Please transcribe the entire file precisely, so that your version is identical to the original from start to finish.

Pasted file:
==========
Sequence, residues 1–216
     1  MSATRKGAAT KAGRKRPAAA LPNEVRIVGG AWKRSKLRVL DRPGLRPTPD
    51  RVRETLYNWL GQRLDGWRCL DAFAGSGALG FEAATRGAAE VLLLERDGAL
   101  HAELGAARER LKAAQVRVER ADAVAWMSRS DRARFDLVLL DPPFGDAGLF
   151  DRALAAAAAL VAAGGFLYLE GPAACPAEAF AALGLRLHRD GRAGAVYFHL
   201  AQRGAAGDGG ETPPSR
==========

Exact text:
Sequence, residues 1–216
     1  MSATRKGAAT KAGRKRPAAA LPNEVRIVGG AWKRSKLRVL DRPGLRPTPD
    51  RVRETLYNWL GQRLDGWRCL DAFAGSGALG FEAATRGAAE VLLLERDGAL
   101  HAELGAARER LKAAQVRVER ADAVAWMSRS DRARFDLVLL DPPFGDAGLF
   151  DRALAAAAAL VAAGGFLYLE GPAACPAEAF AALGLRLHRD GRAGAVYFHL
   201  AQRGAAGDGG ETPPSR